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Accountability should be next step for teachers

By Staff
July 25, 2001
Now that the 5 percent trigger has been removed as an impediment to fully funding the 6-year phased teacher pay bill passed in 2000, the next priority for public education in Mississippi should be a substantive teacher accountability program in Mississippi's public schools.
If we can evaluate our students in terms of their ability and performance in the classrooms, we can and should also evaluate the ability and performance of their teachers as well.
The notion of across-the-board raises for Mississippi teachers is politically-correct and the result of the strong influence of the teacher unions on the state's political process but it doesn't speak to the fact that there are some Mississippi teachers out there who aren't performing and who don't deserve a pay raise of any kind.
The majority of Mississippi teachers deserved every dime of the 2000 teacher pay plan designed to take them to the Southeastern average and more. Teaching is a difficult, challenging job that goes far beyond the stereotype that frequently manifests itself in letters-to-the-editor from those who think teaching only involves working from 8 a.m. until 3 p.m. 5 days a week, nine months a year with the summers off with pay.
Merit, not mediocrity
As the son of two career educators and the brother of another, I can put the lie to that characterization of Mississippi educators. But around the family table, it was clear that even those professional educators knew that across-the-board raises ignored merit and rewarded mediocrity.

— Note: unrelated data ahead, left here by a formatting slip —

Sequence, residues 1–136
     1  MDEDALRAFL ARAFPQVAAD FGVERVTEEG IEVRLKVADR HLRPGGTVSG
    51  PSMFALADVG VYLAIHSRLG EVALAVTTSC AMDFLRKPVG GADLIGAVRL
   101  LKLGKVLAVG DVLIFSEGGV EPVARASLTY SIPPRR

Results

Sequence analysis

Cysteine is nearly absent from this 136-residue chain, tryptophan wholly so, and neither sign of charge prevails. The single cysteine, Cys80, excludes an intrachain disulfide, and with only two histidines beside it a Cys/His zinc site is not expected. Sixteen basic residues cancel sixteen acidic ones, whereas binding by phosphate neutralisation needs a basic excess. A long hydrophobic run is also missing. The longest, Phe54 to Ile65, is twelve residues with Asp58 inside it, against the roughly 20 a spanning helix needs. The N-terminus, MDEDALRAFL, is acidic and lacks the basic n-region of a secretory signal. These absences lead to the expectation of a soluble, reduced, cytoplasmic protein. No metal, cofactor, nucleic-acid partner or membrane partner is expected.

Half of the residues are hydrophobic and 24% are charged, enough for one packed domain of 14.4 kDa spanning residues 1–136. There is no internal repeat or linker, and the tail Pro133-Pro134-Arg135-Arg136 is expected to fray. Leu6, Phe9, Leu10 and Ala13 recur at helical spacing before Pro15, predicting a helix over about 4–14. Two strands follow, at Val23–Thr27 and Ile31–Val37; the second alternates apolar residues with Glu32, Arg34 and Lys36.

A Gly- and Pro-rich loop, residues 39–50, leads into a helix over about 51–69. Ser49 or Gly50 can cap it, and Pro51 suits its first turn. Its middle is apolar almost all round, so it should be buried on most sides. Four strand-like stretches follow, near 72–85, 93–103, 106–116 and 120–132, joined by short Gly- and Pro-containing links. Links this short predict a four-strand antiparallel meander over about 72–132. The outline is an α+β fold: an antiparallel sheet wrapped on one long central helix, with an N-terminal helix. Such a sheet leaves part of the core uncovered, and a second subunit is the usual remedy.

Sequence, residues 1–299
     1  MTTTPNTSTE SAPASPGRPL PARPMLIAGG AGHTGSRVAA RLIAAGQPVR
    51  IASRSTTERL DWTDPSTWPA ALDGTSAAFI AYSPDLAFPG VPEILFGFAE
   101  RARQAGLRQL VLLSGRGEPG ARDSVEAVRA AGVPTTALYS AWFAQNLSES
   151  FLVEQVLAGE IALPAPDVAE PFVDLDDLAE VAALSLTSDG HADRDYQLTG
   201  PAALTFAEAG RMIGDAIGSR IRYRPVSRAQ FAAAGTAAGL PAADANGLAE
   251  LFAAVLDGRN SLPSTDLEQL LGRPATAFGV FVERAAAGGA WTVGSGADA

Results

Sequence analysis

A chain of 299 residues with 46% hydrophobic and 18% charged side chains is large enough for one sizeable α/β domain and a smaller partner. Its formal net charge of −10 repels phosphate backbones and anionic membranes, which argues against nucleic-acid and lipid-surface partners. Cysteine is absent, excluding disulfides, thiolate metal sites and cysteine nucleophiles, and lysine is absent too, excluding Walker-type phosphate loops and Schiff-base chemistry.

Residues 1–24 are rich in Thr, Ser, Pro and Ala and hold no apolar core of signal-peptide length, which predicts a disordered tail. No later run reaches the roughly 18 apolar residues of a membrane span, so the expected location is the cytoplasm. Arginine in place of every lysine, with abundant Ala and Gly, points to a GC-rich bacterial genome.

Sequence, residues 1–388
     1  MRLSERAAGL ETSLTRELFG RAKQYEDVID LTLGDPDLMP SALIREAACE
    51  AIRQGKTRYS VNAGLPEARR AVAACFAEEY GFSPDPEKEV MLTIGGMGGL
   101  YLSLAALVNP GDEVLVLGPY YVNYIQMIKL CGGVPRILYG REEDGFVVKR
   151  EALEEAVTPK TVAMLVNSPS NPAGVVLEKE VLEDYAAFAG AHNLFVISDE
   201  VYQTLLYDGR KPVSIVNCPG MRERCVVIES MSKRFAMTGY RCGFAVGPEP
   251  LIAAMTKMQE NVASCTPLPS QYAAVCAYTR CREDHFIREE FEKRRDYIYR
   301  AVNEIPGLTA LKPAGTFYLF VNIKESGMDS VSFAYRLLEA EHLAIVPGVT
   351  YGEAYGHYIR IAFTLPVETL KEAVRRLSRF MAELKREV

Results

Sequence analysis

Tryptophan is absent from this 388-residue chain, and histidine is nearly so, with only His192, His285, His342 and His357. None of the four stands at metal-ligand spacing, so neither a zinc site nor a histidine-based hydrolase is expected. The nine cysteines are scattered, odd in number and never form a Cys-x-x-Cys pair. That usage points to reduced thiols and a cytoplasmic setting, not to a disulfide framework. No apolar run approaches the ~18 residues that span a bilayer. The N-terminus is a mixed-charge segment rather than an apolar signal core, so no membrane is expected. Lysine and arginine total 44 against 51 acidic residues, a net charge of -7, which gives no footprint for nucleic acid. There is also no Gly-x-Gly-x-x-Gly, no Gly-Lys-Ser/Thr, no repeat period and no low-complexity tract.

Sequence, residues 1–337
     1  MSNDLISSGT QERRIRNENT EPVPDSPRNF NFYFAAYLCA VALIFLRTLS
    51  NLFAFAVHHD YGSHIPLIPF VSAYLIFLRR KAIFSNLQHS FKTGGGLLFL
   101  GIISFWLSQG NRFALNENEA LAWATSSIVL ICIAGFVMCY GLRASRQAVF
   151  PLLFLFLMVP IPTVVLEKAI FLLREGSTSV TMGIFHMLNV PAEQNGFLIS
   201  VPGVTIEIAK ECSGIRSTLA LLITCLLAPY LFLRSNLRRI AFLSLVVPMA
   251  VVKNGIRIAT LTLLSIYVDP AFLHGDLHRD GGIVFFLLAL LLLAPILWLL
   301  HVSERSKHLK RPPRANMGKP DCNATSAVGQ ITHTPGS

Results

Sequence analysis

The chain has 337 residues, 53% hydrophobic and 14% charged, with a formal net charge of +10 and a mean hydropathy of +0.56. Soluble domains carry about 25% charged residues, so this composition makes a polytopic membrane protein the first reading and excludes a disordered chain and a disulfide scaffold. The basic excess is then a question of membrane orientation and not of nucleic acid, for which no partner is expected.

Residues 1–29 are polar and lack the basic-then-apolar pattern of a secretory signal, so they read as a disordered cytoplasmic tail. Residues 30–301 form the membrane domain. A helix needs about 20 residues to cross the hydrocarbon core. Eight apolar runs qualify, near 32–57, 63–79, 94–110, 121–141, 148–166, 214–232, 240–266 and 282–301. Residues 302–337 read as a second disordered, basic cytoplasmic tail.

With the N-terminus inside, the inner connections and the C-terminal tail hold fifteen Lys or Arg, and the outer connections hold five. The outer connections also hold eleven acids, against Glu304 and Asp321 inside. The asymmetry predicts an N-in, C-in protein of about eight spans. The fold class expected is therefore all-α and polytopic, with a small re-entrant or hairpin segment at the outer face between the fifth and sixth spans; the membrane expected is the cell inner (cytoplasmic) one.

Make no mistake the raises included in the 2000 teacher pay plan were necessary. Mississippi was too far behind the teacher pay curve. But now that the raise has been solidified and depoliticized during Monday's highly-political special session, it's time now to focus back on the most important people involved in this transaction the school children of Mississippi.
Data from the American Federation of Teachers and the U.S. Department of Education shows that Mississippi ranked 48th nationally in teacher pay in 1999-2000 with an average salary of $31, 897 some $10,000 a year less than the national average. At the same time, U.S. Bureau of Labor statistics show that Mississippi ranked 47th in annual average pay to all workers with an average pay of $22,778.
More telling is that fact that according to the U.S. Census, Mississippi ranked 49th in high school educational attainment with only 78 percent of our state's over age 25 population holding high school diplomas or equivalences.
Bottom line, 1 in 4 Mississippians haven't finished high school.
Taxpayers deserve it
Clearly, Mississippi can't begin to conquer our economic and educational demons without a well-paid, motivated group of teachers. Now that Mississippi has finally made a serious commitment to improving teacher pay, the state Department of Education should make an equally serious commitment to weeding out ineffective, poorly-performing teachers from the system.
From 1997-99, Mississippi improved teacher pay at exactly the national average of 3 percent. But from 1997-2000, Mississippi has improved teacher pay at 11.2 percent the fourth highest percentage in the nation.
Mississippi taxpayers deserve teacher accountability. They deserve to see improved student performance on standardized testing and stronger school district performance on accreditation standards.
With higher pay, teachers can expect to face more scrutiny from the taxpayers. That scrutiny is long overdue.
Sid Salter is Perspective Editor/Columnist at The Clarion-Ledger in Jackson and a syndicated Mississippi political columnist. He can be reached at 601-961-7084, P.O. Box 40, Jackson, MS 39206, or at ssalter@jackson.gannett.com.

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